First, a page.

Passionate about petroleum
Mendo Joxo, national operations manager at Engen, has only ever worked in the local petroleum industry. FOCUS finds out more about him.
Joxo, a chemical engineer with a postgraduate diploma in business administration, studied in the United Kingdom at Loughborough University. He then obtained a postgraduate diploma through the University of Wales, at what was then known as Technikon Natal.
“I started work at Anglo American as a graduate trainee at the colliery in Witbank. Thereafter, I joined the National Petroleum Refiners of South Africa (Natref) in Sasolburg, where I worked as a process engineer for three years.
“I then moved to the South African Petroleum Refineries (Sapref) as a senior product engineer, in a joint venture between BP and Shell in Durban,” he recalls. It was here that Joxo was promoted to the position of plant unit manager.
He then joined Petro SA in Mossel Bay as a shutdown and turnaround manager – looking after maintenance of the plant during a total outage of the plant. “I was there for four years, after which I joined Shell as an area distribution manager for South Africa from 2008 until the end of 2013. In March 2014, I joined Engen,” Joxo adds.
Now, he looks after Engen’s fleet of vehicles, which comprises roughly 170 trucks and trailers, as well as all third-party contractors that are working for Engen as hauliers or transporters. “I also look after the whole depot network in South Africa, Lesotho and Swaziland. I’m often out and about at the 26 depots, as I have to be hands-on.”
During an average week, Joxo visits at least one depot. He adds: “Then I have meetings. I am engaged in forecasting and at a strategic level. There are five elements with which I drive the business: safety first; fix and reset; getting the basics right; develop; and finally, nurturing people – we have an academy where we train employees and try to ‘sharpen up’ their competencies.”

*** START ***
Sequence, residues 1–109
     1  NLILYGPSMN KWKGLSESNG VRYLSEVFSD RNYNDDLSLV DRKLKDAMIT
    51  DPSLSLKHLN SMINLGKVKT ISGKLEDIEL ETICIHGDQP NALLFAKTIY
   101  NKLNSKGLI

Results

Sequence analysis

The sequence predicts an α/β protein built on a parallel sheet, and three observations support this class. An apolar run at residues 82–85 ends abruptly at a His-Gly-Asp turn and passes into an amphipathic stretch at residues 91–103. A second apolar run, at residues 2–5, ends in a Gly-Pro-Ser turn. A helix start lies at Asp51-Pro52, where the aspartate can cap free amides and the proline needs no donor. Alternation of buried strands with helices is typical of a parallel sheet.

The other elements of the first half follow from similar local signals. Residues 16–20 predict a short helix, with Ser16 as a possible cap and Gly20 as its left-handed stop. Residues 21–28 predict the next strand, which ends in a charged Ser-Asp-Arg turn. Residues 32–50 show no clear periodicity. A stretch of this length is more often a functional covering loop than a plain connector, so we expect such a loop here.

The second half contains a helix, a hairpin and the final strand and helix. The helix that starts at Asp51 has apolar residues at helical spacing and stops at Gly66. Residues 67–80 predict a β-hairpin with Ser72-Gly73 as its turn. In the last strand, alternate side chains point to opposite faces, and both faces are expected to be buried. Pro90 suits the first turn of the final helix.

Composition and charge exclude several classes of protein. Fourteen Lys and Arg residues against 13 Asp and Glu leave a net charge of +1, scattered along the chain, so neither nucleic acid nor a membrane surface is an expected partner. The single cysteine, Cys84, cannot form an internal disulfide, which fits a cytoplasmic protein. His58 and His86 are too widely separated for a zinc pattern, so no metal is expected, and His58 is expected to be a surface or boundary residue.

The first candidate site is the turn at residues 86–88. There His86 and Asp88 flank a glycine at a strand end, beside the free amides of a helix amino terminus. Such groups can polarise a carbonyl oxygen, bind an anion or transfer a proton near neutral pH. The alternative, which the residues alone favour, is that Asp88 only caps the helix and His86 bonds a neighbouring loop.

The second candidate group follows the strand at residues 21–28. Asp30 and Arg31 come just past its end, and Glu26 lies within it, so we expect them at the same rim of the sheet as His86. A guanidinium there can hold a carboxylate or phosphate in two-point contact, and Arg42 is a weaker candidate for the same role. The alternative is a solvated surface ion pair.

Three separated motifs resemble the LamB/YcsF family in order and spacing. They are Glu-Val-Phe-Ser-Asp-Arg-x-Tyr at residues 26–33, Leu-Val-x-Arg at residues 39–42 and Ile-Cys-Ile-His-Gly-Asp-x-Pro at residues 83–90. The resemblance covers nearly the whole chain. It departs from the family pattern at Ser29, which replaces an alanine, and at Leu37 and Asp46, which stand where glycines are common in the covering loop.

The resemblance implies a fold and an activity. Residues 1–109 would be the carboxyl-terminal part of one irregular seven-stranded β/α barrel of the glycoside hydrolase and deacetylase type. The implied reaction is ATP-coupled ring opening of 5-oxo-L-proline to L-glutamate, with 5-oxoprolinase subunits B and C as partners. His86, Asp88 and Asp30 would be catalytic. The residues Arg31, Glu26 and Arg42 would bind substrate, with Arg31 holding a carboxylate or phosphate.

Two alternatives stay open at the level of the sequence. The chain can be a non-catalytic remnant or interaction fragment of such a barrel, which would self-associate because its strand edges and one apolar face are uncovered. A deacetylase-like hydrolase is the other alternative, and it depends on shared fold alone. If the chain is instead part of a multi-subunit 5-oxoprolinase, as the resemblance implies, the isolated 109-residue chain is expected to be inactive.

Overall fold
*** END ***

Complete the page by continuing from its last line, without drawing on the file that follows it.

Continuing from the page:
Joxo says that, without a doubt, the highlight of his career has been leading an efficiency turnaround at Engen. “When I arrived, the fleet was not being employed optimally. Over the past two years we have achieved just over a 25 percent improvement in efficiency. My goal is to get that figure up a further 15 percent by the end of 2016,” he explains.
In the early stages of his career, Joxo wasn’t really so keen on being a manager – he was more interested in the technical aspects of chemical engineering. “In the technical field, you need tenacity, good attention to detail, and a thick skin. The job is full of surprises and you have to look at the small things that could go wrong, so that you can make sure that the culture of excellence is upheld. You need to be vigilant at all times. That is how I approach my job,” he elaborates.
However, there’s more to the man than just his job. Joxo is also a family man. “I have two sons and a daughter. The eldest works for Eskom as a mechanical engineer. The middle one is studying computer science and business at Monash University, and the youngest is studying psychology at the University of Cape Town,” he says with pride.
Joxo lives in Johannesburg with his wife. “I’m generally a family man on the weekends – I like to spend time with my wife, and I also enjoy sport. Every week I’m away for at least two nights, so I really try to be at home on the weekends.”
His cellphone stays on at all times, however, so that, if there is an emergency, he can guide the recovery process. “When an issue occurs, you need to make sure all the most appropriate help is mobilised, and stay in touch to make sure that everything is handled in accordance with our stringent safety, health, environment and quality (SHEQ) practices.
“Engen plays an integral part in securing the energy needs of South Africa, ensuring the continued supply of fuel to the citizens of the country, whilst never compromising the safety of our employees and the surrounding communities. As a company, Engen is proud of the world-class standards and guidelines that govern our SHEQ practices.
“When there is an incident, it is imperative that correct procedure is followed and that the right people respond. We also need to anticipate and respond to any questions that may arise from the media, and ensure that the corporate department has the most accurate information possible about the incident,” he concludes.